Sunday 30 January 2011

Did you know about the show that students who have just finished a French drama workshop are going to perform?

The show performed by students who have followed a ten weeks' French drama course will take place at:
The Comedy Box at The Hen & Chicken in Bedminster on Tuesday 1st February at 8.30pm.
Do come along to watch or join in:
Jeux (games), Créations (short pieces) et Mystère ( mystery) !
To watch a video of the performances of some of the students or to find out more about the show, go to

Some of the students on stage last May.

Monday 24 January 2011

Don't miss the French cookery workshop for anyone with a GCSE level in French

Alliance Française de Bristol is offering a French course in cookery starting on Thursday, 3rd February in Clifton.
The course is run by one of our French tutors who is also a chef. People taking part will be able to prepare delicious French dishes under the supervision of the French tutor, Iza, and then take them home to share with friend, partner, spouse...
The last French cookery workshop before Christmas was very popular. Here is what one of the students in the French class had to say:
I thoroughly enjoyed all four evenings spent cooking with Iza. I not only learnt new recipes but also lots of 'chef's tips' and technical french.  Iza is encouraging and the atmosphere is relaxed. I can't wait to go again!  J B, Cotham

 If you wish to join the workshop, find more info:

Here is the photo of a happy chef!!

And here is a nice Winter recipe selected by Iza. Bon appétit!

Soupe à l’oignon
Pour 6 personnes


•    1 kg d'oignons jaunes
•    100 g de beurre
•    2 gousses d'ail
•    1 branche de thym
•    1 litre et demi de bouillon de volaille
•    1 baguette
•    250 g de gruyère


Eplucher et émincer les oignons.
Eplucher et écraser l’ail.
Lier ensemble les branches de thym.
Mesurer le liquide.
Chauffer le beurre doucement jusqu’à l’état de beurre noisette.
Faites revenir les oignons à allure modérée et à couvert.
Ajouter l’ail et le thym et couvrir.
Baisser le feu et cuire à couvert et à feu doux une dizaine de minutes jusqu’à ce que les oignons deviennent mous et translucides.
Verser le liquide et cuire dix minutes à compter de la reprise d’ébullition.
Saler et poivrer même si on déconseille de poivrer les potages, c’est très judicieux avec la soupe à l’oignon.
Pendant ce temps détailler la baguette en rondelles, les sécher au four.
Lorsque la soupe est prête (goûter et faire un peu réduire pour lui donner plus de densité)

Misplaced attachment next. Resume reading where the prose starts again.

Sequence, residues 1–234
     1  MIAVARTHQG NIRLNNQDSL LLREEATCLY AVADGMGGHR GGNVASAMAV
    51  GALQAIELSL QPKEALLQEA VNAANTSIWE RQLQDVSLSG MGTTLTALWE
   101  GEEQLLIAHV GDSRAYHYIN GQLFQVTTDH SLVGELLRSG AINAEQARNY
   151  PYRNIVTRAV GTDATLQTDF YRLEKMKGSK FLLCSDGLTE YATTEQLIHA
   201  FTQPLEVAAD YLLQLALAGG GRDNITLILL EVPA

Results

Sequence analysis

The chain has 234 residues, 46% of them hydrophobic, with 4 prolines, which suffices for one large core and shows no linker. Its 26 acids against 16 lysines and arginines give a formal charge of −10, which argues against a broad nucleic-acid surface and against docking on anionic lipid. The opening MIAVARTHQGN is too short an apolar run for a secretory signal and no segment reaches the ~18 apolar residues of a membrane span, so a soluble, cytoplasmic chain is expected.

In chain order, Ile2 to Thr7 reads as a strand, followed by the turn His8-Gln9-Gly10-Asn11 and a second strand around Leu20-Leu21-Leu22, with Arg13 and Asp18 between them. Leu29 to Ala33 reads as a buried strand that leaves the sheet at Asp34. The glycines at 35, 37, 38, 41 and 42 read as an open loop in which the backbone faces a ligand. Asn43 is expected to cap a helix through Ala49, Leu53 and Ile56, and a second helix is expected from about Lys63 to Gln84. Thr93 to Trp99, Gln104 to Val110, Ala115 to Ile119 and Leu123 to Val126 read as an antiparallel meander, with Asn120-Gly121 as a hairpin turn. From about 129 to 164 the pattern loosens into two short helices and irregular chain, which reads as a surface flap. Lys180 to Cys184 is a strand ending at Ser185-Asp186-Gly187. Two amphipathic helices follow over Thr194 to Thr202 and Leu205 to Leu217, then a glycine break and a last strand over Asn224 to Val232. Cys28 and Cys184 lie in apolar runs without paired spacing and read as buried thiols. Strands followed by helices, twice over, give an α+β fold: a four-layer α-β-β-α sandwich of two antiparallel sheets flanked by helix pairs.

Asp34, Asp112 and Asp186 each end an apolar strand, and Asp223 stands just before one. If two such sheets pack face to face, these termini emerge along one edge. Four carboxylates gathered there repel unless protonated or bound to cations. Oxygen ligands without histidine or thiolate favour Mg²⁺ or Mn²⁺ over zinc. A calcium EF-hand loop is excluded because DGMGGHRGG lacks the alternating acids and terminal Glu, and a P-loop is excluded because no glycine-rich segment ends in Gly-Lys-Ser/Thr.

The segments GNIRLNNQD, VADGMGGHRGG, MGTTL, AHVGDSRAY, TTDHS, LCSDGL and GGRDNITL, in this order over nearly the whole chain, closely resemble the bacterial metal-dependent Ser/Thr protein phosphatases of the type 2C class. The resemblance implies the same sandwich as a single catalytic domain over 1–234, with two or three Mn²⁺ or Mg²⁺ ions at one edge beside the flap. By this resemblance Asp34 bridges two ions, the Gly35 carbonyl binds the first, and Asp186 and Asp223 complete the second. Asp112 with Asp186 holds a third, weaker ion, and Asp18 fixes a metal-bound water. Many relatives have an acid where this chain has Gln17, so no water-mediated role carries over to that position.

Enlever le thym  bien sûr!
Préchauffer le four à 180°C
Verser la soupe à deux centimètres du bord dans un plat ou une soupière allant au four
Placer les croûtons en surface afin de bien couvrir la soupe et recouvrir le pain avec le fromage râpé.
Placer les bols ou la soupière sur une plaque et enfourner.
Servir bouillant.

Recette extraite de

Saturday 15 January 2011

Tirer les rois

A group of students following a French course with Alliance Française de Bristol ate la galette last Thursday and here is our queen: la reine. She found la fève just as she started eating her portion.
To read more about  this French custom, read the previous post.
If anyone reading this blog has a recipe for la galette, please post it in the Comments.

If you wish to join in our forthcoming events, click here.

Wednesday 12 January 2011

Did you know that the French have a custom called tirer les rois?

On 6th January for epiphany ( l'épiphanie), the French eat a cake called une galette which is made of puff pastry with butter ( that's a must!!) with marzipan ( de la frangipane ) in the middle. A broad bean ( une fève) used to be hidden in it, now it is a small figure made of porcelain ( mind your teeth!!), usually a character from the crib, un santon but the word fève is still used
 It is an occasion to gather with family or friends and la galette is shared out between everyone present. The person who finds la fève (everybody asks: qui a la fève? ) is the king or queen of the day and he or she chooses their king or queen, therefore the expression: tirer les rois ( picking out the kings). La galette is sold with a crown ( une couronne ) so the king or queen of the day puts it on. It is a moment relished by children and funnily enough, the youngest child usually finds la fève and proudly wears the crown!

Our French tutors usually share une galette with students taking French tuition.
You can look at some photos on our website

Monday 3 January 2011

Did you know that the French do not send Christmas cards but New Year cards?

The French custom is to send New Year cards ( cartes de vœux) up to the last day in January. A typical phrase is: Meilleurs vœux pour une bonne et heureuse année ( best wishes for a happy New Year). This is also what people say to each other at midnight ( minuit) on New Year's Eve ( le réveillon du jour de l'An ou le réveillon de la St Sylvestre). Every day of the year has a saint and Sylvestre has his saint's day on the 31st, this is why December 31st is often referred to as:  la St Sylvestre.
To all of you reading this blog:
Bonne et heureuse année 2011!
Why not join our students already taking French lessons with Alliance Française de Bristol or Bath as a New Year resolution? For more info: